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To Kill a Mockingbird (1960)

by Harper Lee

Other authors: See the other authors section.

MembersReviewsPopularityAverage ratingConversations / Mentions
63,332124012 (4.38)2 / 2298
The explosion of racial hate in an Alabama town is viewed by a little girl whose father defends a black man accused of rape.
  1. 3013
    The Secret Life of Bees by Sue Monk Kidd (Caramellunacy, rosylibrarian)
    Caramellunacy: Both stories are about a young girl in the South coming to terms with racism. Secret Life of Bees features an teenaged protagonist whereas To Kill a Mockingbird's Scout is quite a bit younger, but I thought there were themes that resonated between the two.… (more)
  2. 256
    The Heart Is a Lonely Hunter by Carson McCullers (dele2451, rosylibrarian, chrisharpe)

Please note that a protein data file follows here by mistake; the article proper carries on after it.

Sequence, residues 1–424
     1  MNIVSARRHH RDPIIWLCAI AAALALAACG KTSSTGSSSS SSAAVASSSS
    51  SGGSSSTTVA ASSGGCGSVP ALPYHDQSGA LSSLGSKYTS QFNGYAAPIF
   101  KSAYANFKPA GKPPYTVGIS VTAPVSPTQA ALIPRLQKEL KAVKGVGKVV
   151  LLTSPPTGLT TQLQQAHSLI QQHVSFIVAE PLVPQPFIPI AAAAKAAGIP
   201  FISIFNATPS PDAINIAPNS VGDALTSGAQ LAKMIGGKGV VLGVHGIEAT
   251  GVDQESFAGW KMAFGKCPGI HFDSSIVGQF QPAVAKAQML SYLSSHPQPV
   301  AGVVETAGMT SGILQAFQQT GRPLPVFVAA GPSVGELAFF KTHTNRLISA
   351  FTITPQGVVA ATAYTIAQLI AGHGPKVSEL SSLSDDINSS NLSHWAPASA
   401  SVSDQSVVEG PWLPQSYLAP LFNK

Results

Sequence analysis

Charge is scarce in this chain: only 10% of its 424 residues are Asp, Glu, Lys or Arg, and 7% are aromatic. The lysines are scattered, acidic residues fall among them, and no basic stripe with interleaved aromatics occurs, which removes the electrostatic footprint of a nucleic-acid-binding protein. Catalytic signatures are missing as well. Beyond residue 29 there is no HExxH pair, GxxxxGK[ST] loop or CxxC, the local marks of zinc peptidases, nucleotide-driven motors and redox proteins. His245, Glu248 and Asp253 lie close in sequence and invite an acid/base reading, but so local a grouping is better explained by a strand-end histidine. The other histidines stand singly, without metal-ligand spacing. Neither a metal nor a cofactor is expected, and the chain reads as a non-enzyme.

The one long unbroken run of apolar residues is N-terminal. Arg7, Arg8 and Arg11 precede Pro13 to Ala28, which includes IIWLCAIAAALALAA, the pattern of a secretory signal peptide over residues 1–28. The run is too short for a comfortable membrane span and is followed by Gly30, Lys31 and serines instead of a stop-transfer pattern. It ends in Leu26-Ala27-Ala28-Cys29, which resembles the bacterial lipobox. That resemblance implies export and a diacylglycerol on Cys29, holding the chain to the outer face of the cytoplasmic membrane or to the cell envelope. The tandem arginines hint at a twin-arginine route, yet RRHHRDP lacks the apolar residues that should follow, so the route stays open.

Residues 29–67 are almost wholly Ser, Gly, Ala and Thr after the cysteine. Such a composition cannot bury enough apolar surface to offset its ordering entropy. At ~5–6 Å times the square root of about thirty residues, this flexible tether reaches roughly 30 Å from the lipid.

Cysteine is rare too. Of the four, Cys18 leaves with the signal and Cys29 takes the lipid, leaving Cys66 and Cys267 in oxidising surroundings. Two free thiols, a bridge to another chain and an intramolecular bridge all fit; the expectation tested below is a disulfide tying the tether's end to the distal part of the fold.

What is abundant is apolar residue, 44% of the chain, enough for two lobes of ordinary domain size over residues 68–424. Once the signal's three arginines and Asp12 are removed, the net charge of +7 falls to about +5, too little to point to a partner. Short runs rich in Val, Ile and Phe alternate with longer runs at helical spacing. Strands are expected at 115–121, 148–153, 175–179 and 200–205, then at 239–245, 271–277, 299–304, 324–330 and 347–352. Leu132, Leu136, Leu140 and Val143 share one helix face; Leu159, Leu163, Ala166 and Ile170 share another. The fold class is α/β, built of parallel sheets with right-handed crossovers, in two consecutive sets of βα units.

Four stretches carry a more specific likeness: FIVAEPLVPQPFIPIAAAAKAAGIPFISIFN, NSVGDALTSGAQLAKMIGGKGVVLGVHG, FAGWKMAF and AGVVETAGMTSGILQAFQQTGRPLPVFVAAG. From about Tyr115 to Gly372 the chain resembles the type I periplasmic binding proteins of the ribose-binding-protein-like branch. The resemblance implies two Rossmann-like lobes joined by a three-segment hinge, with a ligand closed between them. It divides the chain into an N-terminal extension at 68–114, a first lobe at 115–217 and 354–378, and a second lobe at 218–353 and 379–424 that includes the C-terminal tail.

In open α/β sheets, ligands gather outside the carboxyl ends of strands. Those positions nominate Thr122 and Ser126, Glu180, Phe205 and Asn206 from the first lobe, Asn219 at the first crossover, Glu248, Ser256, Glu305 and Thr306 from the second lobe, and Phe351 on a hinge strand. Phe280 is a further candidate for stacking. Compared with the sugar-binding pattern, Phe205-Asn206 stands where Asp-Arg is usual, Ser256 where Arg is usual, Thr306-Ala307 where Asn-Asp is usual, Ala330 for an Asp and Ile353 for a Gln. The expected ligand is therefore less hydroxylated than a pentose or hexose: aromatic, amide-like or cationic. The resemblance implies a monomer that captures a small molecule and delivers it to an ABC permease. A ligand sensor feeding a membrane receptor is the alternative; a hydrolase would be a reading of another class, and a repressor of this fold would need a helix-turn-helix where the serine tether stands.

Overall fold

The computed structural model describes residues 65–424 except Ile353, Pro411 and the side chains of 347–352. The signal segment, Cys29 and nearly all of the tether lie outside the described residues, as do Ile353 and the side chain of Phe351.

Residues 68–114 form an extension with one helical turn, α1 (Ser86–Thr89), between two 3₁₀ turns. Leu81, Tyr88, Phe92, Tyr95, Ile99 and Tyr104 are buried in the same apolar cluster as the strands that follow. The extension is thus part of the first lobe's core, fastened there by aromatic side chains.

3. 279
    The Book Thief by Markus Zusak (paulkid)
    paulkid: There are many similarities between these books. For example, a strong father-daughter relationship, where the father teaches by example by taking the moral high ground in protecting a persecuted minority - also kids that break down the barriers between secluded and socially awkward neighbors through books and sundry shenanigans.… (more)
  4. 184
    Roll of Thunder, Hear My Cry by Mildred D. Taylor (Caramellunacy, Anonymous user, Anonymous user)